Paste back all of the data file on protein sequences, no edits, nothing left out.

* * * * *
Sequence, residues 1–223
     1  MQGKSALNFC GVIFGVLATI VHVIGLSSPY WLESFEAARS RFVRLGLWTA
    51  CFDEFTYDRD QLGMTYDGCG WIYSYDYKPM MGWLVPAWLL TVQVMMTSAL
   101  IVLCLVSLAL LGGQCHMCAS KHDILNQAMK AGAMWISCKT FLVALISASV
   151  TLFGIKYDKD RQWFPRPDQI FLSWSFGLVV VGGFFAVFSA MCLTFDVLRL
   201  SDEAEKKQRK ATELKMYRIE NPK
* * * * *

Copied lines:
Sequence, residues 1–223
     1  MQGKSALNFC GVIFGVLATI VHVIGLSSPY WLESFEAARS RFVRLGLWTA
    51  CFDEFTYDRD QLGMTYDGCG WIYSYDYKPM MGWLVPAWLL TVQVMMTSAL
   101  IVLCLVSLAL LGGQCHMCAS KHDILNQAMK AGAMWISCKT FLVALISASV
   151  TLFGIKYDKD RQWFPRPDQI FLSWSFGLVV VGGFFAVFSA MCLTFDVLRL
   201  SDEAEKKQRK ATELKMYRIE NPK